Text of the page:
Since day one, I have received many e-mail letters from so-called “SEO experts” which offered to me search-engine optimization; more content on my website; trying to convince me that my website is missing visitors and followers on social media, so they are offering ways to attract more visitors and generate followers for me on Facebook and/or Google+, etc. So far through the years, there have been many fake and spam SEO offers. Their fishing has changed a bit for the time being, but there are still ways to recognize the spam. Here are examples from my own experience on this matter:
1) The e-mail address of the “SEO-experts” is either some combination of letters that is unpronounceable (something which no reputable company will do), or the e-mail domain is one of the main mailing service providers (Gmail, Yahoo, etc.). Well, you cannot pretend that your company is more than 20 years within the SEO business, and to use a Gmail account.
2) Their letters usually start with some text that they have found on the internet our website, and at the same time, their pretend they “discovered” that it is not in the preferred results in the search engines. Something like “I came to your website by searching on Google but it was difficult to find as you were not on the front page of search results.”…. Which brings the question – how you have found our website by chance then?
3) The second point in the content of these spam letters – they write down that they forward it to “the admin”, where they use a standard software to put first in the text boilerplate text, getting the keywords for your website. For example: “This is a message to the Attorney in Sofia | Law Firm | Contacts Bulgaria legal services Lawyer in Sofia admin.”. So you can get the clear idea that since I am a lawyer situated in Sofia, these keywords on my website have been used by them to convince me that this letter has been drawn personally to me.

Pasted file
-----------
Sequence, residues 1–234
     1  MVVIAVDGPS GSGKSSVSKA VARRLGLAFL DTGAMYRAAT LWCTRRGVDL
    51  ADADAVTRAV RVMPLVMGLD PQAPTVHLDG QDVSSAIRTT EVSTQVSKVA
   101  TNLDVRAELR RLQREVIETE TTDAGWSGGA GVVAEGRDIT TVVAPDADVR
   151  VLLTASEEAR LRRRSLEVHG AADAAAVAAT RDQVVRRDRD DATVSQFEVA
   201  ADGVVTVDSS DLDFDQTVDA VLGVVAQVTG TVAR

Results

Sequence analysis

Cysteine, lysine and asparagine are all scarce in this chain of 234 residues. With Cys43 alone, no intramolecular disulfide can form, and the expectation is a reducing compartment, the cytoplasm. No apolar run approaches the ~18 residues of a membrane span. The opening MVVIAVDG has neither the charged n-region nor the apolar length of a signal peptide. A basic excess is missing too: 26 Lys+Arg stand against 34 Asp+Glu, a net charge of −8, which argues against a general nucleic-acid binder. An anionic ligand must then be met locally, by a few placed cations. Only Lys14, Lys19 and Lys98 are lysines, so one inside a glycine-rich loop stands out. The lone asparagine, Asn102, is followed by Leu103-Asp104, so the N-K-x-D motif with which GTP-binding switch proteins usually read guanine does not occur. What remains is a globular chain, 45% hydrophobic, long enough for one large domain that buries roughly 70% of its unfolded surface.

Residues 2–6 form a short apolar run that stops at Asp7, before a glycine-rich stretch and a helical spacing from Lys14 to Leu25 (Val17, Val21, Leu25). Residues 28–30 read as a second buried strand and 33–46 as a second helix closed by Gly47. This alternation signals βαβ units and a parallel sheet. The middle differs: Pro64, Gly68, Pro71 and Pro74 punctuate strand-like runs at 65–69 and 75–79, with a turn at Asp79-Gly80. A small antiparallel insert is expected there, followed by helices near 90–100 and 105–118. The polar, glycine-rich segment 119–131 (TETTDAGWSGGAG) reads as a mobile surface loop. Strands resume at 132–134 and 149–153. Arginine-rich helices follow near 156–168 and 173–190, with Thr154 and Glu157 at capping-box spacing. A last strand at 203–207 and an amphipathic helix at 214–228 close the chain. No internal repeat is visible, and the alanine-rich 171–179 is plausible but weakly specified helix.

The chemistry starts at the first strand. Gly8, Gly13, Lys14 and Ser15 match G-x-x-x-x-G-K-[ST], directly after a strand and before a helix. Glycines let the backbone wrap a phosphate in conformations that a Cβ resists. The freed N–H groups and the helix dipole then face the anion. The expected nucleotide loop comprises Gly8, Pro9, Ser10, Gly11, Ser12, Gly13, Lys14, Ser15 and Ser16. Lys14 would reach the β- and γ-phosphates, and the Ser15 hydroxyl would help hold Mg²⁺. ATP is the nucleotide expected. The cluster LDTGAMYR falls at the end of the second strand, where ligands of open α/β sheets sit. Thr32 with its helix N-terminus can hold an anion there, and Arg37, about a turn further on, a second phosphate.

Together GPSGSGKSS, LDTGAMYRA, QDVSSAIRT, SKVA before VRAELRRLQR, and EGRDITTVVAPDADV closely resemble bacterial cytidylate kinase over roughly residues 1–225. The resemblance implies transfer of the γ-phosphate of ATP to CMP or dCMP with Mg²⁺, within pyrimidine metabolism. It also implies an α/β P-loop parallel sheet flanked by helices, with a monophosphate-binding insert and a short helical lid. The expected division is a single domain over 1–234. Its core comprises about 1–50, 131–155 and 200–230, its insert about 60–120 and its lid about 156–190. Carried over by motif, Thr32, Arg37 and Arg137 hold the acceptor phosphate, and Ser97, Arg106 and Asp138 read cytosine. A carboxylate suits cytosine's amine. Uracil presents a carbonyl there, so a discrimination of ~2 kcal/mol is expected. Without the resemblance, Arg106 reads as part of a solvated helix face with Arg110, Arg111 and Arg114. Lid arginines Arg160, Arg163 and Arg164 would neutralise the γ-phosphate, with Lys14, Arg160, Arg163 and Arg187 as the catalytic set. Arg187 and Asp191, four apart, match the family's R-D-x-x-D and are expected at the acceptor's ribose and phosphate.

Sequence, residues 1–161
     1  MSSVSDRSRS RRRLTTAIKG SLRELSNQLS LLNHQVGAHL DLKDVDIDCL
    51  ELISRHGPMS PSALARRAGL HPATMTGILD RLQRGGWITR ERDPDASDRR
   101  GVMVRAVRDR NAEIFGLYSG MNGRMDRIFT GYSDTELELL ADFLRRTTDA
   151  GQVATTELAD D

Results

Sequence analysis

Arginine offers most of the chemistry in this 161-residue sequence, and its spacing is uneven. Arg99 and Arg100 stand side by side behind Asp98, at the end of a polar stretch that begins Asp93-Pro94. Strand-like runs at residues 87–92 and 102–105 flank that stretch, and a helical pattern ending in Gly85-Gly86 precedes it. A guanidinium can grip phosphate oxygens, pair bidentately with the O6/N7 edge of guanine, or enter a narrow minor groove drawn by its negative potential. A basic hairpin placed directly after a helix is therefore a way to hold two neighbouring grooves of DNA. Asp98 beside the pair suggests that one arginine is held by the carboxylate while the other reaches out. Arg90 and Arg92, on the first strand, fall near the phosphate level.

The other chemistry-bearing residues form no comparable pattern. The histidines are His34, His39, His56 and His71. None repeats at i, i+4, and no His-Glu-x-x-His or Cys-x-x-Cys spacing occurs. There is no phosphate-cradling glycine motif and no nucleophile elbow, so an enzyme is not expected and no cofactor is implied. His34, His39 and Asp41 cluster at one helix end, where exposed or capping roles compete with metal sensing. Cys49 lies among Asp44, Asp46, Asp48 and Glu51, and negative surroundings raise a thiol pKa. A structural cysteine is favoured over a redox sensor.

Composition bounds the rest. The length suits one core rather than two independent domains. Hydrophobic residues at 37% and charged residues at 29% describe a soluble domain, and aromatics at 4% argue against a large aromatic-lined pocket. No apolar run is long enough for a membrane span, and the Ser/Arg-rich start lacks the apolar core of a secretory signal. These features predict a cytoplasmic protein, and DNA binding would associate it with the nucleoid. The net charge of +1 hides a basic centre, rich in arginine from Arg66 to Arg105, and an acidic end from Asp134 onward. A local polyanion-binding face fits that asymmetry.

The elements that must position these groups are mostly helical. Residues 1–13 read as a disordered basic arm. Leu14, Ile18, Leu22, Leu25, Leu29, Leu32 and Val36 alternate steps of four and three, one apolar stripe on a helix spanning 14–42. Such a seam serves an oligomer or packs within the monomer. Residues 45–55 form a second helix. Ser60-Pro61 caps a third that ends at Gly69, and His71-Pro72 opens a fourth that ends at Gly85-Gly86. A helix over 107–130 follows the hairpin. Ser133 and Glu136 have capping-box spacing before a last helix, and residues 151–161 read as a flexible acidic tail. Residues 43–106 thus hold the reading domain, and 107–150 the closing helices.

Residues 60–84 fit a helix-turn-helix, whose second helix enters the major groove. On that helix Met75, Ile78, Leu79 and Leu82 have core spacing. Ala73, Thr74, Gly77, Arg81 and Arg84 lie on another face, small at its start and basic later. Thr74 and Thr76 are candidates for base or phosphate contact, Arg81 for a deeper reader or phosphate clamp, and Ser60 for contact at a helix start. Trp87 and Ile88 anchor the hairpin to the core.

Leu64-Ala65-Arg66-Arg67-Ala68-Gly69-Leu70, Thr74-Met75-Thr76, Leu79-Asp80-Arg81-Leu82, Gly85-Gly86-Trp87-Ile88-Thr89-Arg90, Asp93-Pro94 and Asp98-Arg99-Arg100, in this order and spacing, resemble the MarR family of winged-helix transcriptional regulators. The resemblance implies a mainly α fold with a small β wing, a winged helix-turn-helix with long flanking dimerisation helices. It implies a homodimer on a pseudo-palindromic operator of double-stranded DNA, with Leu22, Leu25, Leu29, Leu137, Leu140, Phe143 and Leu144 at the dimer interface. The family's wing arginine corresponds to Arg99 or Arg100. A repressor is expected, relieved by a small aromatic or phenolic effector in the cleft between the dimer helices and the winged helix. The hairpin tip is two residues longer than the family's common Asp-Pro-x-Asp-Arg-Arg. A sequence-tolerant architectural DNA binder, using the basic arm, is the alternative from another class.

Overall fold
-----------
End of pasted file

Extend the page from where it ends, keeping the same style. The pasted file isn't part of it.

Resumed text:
4) Usually, senders of these offers avoid direct phone contact with you “I decided to leave a message here on your contact page, instead of calling you…”. Fake and spam letters never include a direct contact back.
5) The spam SEO offers direct you to some website with unfamiliar and very often, unpronounceable name, where they pretend, they have a lot of traffic. A website which never relates to the sender’s e-mail address, by the way. Yeah, right. Of they offer you something like “Increase your followers in only hours with our powerful social media offers. Visit our website……”. Or they may offer “site ranking booster package”. There are some offers of the type “freelancer writer is needed”.
Mostly these are generated in bulk by a software tool or program. And the main goal of these spam letters with offers is just to make you click on the listed web addresses, so to help them generate traffic to it. This is called “fishing”.
6) Another clue that you are a target of spammers is that they never sign their letters and never leave the standard contact details (names, job position, telephone number and e-mail for correspondence), although they pretend to be part of a very professional company in this sphere. And even try to convince you about it, like “over 20 years experience starting my own companies and working for major companies and organizations…”
In all cases please be very suspicious to any SEO offers you may receive via e-mail. Especially if they consist any of the above-listed content. Do not answer to these especially to unsolicited offers. Usually, spammers collect your data so they can sell it to real SEO company, which to start then chasing you with their offers. And I have noted that same offers came from multiple senders within a short period. This should ring the bell for you.
Also you can always do an easy check online with part of the text of the emailed offer, in order to see if it has been included already in one of the scam warning websites.
* The above article shares only my personal statement, based only on my personal experience.